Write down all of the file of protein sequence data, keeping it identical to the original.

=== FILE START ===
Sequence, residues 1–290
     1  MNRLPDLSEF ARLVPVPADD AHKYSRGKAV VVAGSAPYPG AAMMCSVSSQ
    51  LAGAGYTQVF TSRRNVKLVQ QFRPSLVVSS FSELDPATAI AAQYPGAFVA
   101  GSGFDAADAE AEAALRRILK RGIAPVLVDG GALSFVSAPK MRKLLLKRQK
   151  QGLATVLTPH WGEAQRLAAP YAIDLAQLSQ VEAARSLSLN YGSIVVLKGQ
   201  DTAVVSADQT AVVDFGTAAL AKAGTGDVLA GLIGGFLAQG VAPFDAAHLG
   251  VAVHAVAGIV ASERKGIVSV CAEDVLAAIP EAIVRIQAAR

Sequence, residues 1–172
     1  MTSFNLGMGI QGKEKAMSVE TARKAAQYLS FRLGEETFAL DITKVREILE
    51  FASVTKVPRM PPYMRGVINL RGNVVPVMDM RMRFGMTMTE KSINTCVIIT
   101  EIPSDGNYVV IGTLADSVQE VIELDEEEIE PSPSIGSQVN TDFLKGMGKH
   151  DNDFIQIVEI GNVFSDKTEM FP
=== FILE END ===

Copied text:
Sequence, residues 1–290
     1  MNRLPDLSEF ARLVPVPADD AHKYSRGKAV VVAGSAPYPG AAMMCSVSSQ
    51  LAGAGYTQVF TSRRNVKLVQ QFRPSLVVSS FSELDPATAI AAQYPGAFVA
   101  GSGFDAADAE AEAALRRILK RGIAPVLVDG GALSFVSAPK MRKLLLKRQK
   151  QGLATVLTPH WGEAQRLAAP YAIDLAQLSQ VEAARSLSLN YGSIVVLKGQ
   201  DTAVVSADQT AVVDFGTAAL AKAGTGDVLA GLIGGFLAQG VAPFDAAHLG
   251  VAVHAVAGIV ASERKGIVSV CAEDVLAAIP EAIVRIQAAR

Sequence, residues 1–172
     1  MTSFNLGMGI QGKEKAMSVE TARKAAQYLS FRLGEETFAL DITKVREILE
    51  FASVTKVPRM PPYMRGVINL RGNVVPVMDM RMRFGMTMTE KSINTCVIIT
   101  EIPSDGNYVV IGTLADSVQE VIELDEEEIE PSPSIGSQVN TDFLKGMGKH
   151  DNDFIQIVEI GNVFSDKTEM FP